Cape Bruny Lighthouse

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Cape Bruny Lighthouse
Cape Bruny Lighthouse (22796056806).jpg
Cape Bruny Lighthouse in 2015
Cape Bruny Lighthouse is located in Tasmania
Cape Bruny Lighthouse
Cape Bruny Lighthouse
Location Bruny Island
Coordinates 43°29′28.1″S 147°08′32.0″E / 43.491139°S 147.142222°E / -43.491139; 147.142222Coordinates: 43°29′28.1″S 147°08′32.0″E / 43.491139°S 147.142222°E / -43.491139; 147.142222
Year first constructed 1838 (first)
Year first lit 1996 (current)
Deactivated 1996 (first)
Construction rubble masonry tower (first)
fiberglass tower (current)
Tower shape conical frustum tower with double balcony and lantern (first)
Markings / pattern white tower and lantern
Height 13 metres (43 ft) (first)
5 metres (16 ft) (current)
Focal height 93 metres (305 ft) (first)
105 metres (344 ft) (current)
Light source diesel engine (first)
solar power (current)
Intensity 1,400,000 cd (current)
Range 26 nautical miles (48 km; 30 mi) (current)
Characteristic Fl W 10s. (current)[1]
Admiralty number K3654
NGA number 6868
ARLHS number AUS-024
Managing agent South Bruny National Park

The Cape Bruny Lighthouse is an inactive lighthouse located at the southern tip of Bruny Island, Tasmania, Australia.

Features and location[edit]

Stairs in Cape Bruny Lighthouse

It is the second oldest extant lighthouse tower in Australia, as well as having the longest (158 years) history of being continuously manned. It was first lit in March 1838 and was eventually decommissioned on 6 August 1996.[2]

The project was commissioned by Governor George Arthur in 1835 after a series of shipwrecks south of Bruny Island and construction began in April 1836. The lighthouse was built by convict labour using locally quarried dolerite over two years. When first lit in March 1838 it was Tasmania's third lighthouse and Australia's fourth.[3]

Cape Bruny was initially illuminated by a Wilkins lantern, consuming one pint of sperm whale oil per hour. In 1892, sperm oil was replaced by the better quality colza oil. In 1903 the original staircase was replaced and a cast-iron staircase was installed and the Wilkins lantern was replaced with a Chance Brothers lantern, which both remain in the tower today.[3]

In December 2000 the light station area, including the lighthouse, became part of the South Bruny National Park.[4] The lightstation was maintained by a permanent caretaker until 2011 when the Parks & Wildlife established a rotational volunteer caretaker program. Volunteers live on-site in the caretakers cottage for four-week periods, assisting with repairs and general maintenance.[5]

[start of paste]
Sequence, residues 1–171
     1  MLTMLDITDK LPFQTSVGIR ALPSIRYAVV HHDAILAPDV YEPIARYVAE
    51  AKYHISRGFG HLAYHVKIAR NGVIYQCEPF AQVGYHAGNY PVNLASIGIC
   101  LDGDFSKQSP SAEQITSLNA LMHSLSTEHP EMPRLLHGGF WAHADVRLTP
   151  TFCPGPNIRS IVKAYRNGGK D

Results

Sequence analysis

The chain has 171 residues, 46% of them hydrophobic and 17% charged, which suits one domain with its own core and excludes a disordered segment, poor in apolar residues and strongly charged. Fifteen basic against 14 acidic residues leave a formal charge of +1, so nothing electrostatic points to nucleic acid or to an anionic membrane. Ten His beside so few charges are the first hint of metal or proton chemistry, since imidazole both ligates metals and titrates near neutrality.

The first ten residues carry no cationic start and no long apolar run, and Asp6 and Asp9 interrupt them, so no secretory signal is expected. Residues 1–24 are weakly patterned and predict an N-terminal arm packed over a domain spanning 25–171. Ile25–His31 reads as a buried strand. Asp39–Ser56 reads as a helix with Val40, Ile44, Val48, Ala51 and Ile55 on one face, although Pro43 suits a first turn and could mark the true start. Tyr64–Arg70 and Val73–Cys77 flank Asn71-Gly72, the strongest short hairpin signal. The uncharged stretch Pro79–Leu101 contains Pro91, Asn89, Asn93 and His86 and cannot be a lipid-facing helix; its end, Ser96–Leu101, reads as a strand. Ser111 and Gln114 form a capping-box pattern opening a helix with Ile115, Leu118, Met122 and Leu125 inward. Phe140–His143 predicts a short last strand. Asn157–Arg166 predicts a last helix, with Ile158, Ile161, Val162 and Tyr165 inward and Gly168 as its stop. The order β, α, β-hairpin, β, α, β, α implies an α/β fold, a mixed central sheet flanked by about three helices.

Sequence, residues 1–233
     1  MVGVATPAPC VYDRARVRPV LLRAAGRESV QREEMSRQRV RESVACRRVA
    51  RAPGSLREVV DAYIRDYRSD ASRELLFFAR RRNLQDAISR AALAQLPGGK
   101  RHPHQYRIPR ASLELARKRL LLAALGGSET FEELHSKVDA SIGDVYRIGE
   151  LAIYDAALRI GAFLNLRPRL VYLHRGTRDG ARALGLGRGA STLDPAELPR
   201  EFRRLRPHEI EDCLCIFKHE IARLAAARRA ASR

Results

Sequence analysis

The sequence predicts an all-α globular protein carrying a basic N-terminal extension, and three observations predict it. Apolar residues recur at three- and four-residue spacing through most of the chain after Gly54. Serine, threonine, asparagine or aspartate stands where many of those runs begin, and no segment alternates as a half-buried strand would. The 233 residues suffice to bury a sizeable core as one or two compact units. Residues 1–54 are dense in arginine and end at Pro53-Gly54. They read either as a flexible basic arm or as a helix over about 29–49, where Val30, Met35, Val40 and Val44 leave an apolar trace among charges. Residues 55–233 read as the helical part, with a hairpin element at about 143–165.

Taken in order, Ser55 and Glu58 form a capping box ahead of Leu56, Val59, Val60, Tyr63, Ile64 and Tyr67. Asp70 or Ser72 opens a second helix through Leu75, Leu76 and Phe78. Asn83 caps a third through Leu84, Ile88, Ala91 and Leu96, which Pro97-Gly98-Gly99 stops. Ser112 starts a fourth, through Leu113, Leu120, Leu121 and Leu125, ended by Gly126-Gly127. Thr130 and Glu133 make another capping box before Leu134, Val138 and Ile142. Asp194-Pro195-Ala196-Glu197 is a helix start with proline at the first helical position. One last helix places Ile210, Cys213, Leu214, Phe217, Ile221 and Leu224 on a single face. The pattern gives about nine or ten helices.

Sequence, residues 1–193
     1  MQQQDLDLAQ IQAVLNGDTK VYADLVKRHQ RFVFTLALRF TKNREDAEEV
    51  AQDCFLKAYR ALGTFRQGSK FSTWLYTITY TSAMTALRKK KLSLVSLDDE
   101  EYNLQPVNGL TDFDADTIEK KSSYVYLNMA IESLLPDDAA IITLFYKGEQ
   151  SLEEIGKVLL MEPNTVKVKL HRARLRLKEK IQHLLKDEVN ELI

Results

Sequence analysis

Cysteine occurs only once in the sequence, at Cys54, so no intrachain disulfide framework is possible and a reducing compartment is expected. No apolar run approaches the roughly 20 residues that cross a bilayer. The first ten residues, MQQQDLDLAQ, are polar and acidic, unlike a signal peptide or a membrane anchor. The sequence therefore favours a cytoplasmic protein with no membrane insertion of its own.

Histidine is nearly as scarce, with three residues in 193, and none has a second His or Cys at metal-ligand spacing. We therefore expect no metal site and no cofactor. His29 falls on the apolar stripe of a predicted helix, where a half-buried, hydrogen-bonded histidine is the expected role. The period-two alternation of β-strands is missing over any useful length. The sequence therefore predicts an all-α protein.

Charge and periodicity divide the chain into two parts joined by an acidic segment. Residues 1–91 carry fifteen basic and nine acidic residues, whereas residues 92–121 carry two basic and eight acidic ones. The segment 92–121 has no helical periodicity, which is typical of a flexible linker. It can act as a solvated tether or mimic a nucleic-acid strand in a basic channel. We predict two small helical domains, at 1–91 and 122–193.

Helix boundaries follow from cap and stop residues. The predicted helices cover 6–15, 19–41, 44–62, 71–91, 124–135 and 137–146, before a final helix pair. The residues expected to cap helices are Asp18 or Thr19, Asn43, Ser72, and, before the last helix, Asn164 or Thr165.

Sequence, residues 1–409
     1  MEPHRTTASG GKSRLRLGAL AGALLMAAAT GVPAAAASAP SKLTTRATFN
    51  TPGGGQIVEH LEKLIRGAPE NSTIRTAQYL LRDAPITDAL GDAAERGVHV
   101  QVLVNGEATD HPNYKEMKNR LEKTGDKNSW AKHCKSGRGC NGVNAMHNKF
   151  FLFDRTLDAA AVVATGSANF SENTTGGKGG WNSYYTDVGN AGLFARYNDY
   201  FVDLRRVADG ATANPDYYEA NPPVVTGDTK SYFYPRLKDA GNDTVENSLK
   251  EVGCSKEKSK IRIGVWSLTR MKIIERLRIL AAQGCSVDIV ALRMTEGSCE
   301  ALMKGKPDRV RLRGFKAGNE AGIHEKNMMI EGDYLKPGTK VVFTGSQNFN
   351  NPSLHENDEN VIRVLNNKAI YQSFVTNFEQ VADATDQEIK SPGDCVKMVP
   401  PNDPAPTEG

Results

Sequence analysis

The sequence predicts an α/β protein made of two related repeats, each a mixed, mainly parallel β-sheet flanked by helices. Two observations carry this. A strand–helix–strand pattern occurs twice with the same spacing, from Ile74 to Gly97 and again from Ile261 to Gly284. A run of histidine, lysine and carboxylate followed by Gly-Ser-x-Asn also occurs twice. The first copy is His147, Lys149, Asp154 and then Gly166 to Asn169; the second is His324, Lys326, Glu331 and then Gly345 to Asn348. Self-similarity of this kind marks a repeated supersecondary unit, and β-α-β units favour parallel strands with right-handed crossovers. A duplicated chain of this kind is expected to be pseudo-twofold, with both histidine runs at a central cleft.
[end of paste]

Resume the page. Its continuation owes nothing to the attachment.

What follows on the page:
In June 2012, the Tasmanian Government sought expressions of interest from commercial operators wishing to take over the operation and management of the Cape Bruny Light Station. No tender was awarded[6] and the site is managed by the Parks & Wildlife Service with assistance from volunteers. Following the tender process, only one company began tours of the South Bruny National Park and Cape Bruny Light Station that takes tourists to visit the Cape Bruny Lightstation - Bruny Island Safaris The latter, Bruny Island Safaris, also operates tours inside the lighthouse tower.

An active light tower is located nearby on a fiberglass construction of 4 metres (13 ft) height. Its light characteristic is "Fl. 10 s", i.e. a white flash every 10 seconds. The lightsource emits from a focal plane at 93 metres (305 ft) above sea level.[7]

See also[edit]


  1. ^ Cape Bruny Lighthouse Lighthouses of Australia Inc.
  2. ^ Tasmanian Parks & Wildlife Service. "Cape Bruny Lighthouse". Retrieved 17 March 2013. 
  3. ^ a b Lighthouses of Australia Inc. "Cape Bruny Lighthouse". Archived from the original on 18 March 2013. Retrieved 17 March 2013. 
  4. ^ Parks & Wildlife Service, Tasmania. "Guide to Tasmania's Historic Places - Cape Bruny Lighthouse". Retrieved 29 November 2007. 
  5. ^ "The light on Bruny Island's Cape". Australian Broadcasting Corporation. Retrieved 17 March 2013. 
  6. ^ Tasmanian Government Tenders. "Expressions of Interest - Cape Bruny Light Station - South Bruny National Park". Retrieved 17 March 2013. 
  7. ^ Rowlett, Russ. "Lighthouses of Australia: Tasmania". The Lighthouse Directory. University of North Carolina at Chapel Hill. Retrieved 21 July 2008. 

External links[edit]